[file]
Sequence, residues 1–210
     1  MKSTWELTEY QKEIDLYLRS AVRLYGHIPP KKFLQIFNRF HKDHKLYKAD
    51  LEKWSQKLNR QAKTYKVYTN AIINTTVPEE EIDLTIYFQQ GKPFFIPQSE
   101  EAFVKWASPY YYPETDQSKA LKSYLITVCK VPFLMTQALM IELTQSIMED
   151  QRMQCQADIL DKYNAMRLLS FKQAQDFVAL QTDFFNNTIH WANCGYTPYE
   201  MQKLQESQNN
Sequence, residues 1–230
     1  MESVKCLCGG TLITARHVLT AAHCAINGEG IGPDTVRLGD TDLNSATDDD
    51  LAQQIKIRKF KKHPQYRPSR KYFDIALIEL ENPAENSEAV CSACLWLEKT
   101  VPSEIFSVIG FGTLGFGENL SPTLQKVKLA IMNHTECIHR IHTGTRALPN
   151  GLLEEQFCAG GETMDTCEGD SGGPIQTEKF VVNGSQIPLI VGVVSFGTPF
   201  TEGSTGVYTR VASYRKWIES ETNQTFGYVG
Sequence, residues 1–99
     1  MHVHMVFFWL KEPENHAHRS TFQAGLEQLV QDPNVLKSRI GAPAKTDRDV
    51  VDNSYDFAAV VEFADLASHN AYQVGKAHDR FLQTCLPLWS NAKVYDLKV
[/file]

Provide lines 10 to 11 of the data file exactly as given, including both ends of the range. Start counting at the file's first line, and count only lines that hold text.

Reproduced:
   101  VPSEIFSVIG FGTLGFGENL SPTLQKVKLA IMNHTECIHR IHTGTRALPN
   151  GLLEEQFCAG GETMDTCEGD SGGPIQTEKF VVNGSQIPLI VGVVSFGTPF